Mad ‘Sacred Cow’ Disease

Chief Justice Sacred CowAs I was thinking about the vilification of Marvi Memon for daring to suggest that maybe we should get the facts before we construct a shrine to Dr Aafia, it started to occur to me that part of the reason that it’s so easy to attack Marvi Memon is because she is a politician. We love to vilify them. But there is another group that is off limits for criticism – judges.

The Supreme Court has been highly political over the past few years, taking suo moto notice of all sorts of political cases as if there were no other issues in the country. The judiciary seems to have realized its political power and the fact that its become a sacred cow. Unfortunately, the result of this mixture is Mad Sacred Cow Disease.

Take the sugar price issue. Labour and Manpower Minister Syed Khursheed Shah dared to say what everyone in the world knows, which is that commodity prices are determined by the laws of economics – supply and demand. Certainly the courts should protect open and transparent markets so that there is no price fixing, but instead the LHC decided to do some price fixing of its own. When this was pointed out, the judges didn’t get reasonable – they got MAD.

“This court always welcomes healthy, constructive and fair comments on the merits of the decisions in good faith and in temperate language, without impugning the integrity or impartiality of the judge and expects that unwarranted and uncalled for comments would be avoided because judgments are based on law and the Constitution,” the Supreme Court office said in a rare statement.

But what if we believe that the judges are acting without “integrity or impartiality”? We have no problem accusing everyone in the Cabinet, the National Assembly, the Provincial Assemblies…everyone down to a rickshaw driver…of being corrupt. But the judges are somehow off limits?

The Supreme Court said that it “is following the Constitution and has played its due role assigned to it by the Constitution and law”, but I looked through the entire constitution and have not found where it says that the judges should set the price of sugar. If someone can point out that clause to me, I would be much obliged.

The same can be said about the 2009 decision on the carbon tax. Again, the constitution appears to be fairly clear in Article 77 – and the Supreme Court set the constitution aside to come to its own determination.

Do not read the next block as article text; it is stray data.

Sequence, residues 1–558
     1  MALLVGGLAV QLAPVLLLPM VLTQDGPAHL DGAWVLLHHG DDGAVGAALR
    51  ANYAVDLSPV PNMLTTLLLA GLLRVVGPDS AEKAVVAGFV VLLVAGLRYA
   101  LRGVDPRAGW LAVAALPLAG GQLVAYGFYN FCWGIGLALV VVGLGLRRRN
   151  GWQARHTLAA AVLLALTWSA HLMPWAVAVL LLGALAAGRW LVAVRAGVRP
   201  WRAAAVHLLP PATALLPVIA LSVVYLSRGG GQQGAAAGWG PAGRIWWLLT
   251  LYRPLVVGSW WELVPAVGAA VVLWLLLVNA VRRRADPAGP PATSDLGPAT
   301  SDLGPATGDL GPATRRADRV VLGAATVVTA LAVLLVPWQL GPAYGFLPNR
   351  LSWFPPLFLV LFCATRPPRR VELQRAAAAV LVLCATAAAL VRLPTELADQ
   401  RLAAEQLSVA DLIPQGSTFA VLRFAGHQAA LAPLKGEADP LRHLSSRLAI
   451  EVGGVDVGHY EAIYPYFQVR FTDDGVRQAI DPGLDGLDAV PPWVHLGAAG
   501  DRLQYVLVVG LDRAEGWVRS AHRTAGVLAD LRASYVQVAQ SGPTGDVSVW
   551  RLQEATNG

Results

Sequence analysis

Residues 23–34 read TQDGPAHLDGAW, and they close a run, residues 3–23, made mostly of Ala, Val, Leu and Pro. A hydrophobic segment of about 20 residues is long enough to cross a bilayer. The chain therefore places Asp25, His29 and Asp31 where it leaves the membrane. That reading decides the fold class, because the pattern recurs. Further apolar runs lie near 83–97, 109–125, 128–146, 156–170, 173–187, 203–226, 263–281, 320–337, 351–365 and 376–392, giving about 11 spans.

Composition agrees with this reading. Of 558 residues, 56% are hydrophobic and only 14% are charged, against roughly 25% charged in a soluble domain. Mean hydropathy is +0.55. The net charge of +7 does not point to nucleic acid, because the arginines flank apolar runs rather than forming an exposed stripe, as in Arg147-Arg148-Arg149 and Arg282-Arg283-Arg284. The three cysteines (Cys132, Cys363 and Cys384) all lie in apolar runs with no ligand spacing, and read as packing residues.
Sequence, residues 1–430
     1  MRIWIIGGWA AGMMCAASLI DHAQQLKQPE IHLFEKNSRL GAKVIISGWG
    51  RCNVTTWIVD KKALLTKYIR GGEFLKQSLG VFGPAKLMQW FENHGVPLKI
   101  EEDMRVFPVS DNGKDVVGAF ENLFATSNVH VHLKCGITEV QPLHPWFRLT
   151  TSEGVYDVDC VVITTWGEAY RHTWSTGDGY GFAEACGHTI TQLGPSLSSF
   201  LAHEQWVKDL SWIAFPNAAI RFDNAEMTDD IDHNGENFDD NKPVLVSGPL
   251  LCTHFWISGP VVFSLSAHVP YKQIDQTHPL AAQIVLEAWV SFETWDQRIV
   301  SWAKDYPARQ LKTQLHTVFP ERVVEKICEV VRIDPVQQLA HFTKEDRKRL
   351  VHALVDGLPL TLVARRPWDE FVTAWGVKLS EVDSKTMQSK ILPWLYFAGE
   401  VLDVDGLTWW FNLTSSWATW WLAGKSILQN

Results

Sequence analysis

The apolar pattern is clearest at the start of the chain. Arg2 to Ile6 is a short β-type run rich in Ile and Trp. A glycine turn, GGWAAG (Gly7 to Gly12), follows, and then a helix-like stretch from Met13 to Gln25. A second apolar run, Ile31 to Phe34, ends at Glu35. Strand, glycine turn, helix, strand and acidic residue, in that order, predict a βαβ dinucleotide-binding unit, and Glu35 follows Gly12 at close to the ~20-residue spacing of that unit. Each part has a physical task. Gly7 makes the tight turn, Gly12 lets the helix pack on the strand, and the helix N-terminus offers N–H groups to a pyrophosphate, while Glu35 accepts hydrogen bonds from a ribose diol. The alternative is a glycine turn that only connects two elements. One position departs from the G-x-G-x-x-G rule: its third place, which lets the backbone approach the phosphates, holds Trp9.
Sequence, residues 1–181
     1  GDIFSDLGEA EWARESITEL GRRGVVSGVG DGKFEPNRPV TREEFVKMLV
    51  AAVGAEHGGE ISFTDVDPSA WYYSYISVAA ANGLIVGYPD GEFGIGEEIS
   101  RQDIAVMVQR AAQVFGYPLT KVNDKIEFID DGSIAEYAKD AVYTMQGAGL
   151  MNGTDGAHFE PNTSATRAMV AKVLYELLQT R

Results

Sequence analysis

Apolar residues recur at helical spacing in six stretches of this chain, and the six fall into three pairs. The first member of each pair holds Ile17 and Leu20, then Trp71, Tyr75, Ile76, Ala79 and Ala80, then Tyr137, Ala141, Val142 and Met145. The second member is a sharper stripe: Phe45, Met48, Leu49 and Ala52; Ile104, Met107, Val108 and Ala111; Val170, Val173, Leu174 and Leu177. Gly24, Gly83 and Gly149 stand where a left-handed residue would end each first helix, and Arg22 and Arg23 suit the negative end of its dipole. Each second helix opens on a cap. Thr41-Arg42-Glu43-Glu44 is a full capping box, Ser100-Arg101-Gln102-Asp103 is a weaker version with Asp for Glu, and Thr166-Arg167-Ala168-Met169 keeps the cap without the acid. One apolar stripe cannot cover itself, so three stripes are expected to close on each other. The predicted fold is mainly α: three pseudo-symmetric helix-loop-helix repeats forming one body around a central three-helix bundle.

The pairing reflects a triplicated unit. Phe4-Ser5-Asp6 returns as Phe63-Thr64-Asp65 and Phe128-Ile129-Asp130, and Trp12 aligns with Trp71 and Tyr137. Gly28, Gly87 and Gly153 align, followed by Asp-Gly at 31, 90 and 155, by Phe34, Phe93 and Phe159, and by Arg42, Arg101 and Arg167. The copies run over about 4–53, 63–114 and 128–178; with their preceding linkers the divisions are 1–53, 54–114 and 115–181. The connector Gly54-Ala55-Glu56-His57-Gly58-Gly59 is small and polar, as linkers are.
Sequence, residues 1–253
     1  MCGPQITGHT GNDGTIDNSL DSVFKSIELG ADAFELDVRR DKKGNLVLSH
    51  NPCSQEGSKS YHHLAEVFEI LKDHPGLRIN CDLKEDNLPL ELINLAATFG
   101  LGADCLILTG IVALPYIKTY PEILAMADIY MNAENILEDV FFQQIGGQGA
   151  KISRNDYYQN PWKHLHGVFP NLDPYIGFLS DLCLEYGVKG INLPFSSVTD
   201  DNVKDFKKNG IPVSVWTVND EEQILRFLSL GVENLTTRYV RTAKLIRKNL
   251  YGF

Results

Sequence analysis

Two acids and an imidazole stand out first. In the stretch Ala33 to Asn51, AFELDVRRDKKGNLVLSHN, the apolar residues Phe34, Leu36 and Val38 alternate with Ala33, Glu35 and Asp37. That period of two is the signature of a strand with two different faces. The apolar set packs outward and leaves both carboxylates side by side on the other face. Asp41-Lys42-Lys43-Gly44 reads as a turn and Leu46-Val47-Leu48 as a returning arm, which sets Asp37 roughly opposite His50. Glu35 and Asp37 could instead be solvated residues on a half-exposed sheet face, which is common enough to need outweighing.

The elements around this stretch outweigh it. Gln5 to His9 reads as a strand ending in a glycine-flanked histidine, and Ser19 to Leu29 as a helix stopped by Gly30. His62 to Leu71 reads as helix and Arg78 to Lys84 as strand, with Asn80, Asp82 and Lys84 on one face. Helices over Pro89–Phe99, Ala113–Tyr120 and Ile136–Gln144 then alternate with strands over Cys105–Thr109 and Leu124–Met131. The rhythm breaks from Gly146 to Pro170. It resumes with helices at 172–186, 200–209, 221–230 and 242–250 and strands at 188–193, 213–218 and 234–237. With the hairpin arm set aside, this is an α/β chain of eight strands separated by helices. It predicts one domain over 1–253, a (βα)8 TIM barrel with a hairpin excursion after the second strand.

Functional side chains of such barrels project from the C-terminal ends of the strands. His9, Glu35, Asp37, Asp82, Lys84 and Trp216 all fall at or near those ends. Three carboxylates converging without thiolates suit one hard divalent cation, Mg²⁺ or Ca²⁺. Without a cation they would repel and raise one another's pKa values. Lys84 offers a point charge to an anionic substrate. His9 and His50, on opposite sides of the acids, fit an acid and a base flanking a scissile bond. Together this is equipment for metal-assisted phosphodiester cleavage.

Criticising the courts shouldn’t be controversial, especially if the court is going to choose to insert itself into controversies.

Setting sugar aside for a moment, consider the bigger controversy which is the NRO. Human rights activists and legal experts have roundly criticised the court’s behaviour in this regard. Remember what Asma Jahangir wrote in December:

While, the NRO can never be defended even on the plea of keeping the system intact, the Supreme Court judgment has wider political implications. It may not, in the long run, uproot corruption from Pakistan but will make the apex court highly controversial.

Witch-hunts, rather than the impartial administration of justice, will keep the public amused. The norms of justice will be judged by the level of humiliation meted out to the wrongdoers, rather than strengthening institutions capable of protecting the rights of the people.

There is no doubt that impunity for corruption and violence under the cover of politics and religion has demoralised the people, fragmented society and taken several lives. It needs to be addressed but through consistency, without applying different standards, and by scrupulously respecting the dichotomy of powers within statecraft. In this respect the fine lines of the judgment do not bode well.

The lawyers’ movement and indeed the judiciary itself has often lamented that the theory of separation of powers between the judiciary, the legislature and the executive has not been respected. The NRO judgment has disturbed the equilibrium by creating an imbalance in favour of the judiciary.